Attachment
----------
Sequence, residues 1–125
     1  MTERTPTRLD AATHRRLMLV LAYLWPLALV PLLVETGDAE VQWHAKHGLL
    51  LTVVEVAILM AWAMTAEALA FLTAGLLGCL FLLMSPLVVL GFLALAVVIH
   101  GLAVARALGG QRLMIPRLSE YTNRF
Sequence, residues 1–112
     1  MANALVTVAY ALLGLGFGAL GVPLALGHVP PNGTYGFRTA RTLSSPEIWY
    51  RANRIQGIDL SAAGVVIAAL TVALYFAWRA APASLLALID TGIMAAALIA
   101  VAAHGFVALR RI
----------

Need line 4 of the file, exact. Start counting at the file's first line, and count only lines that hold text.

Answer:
   101  GLAVARALGG QRLMIPRLSE YTNRF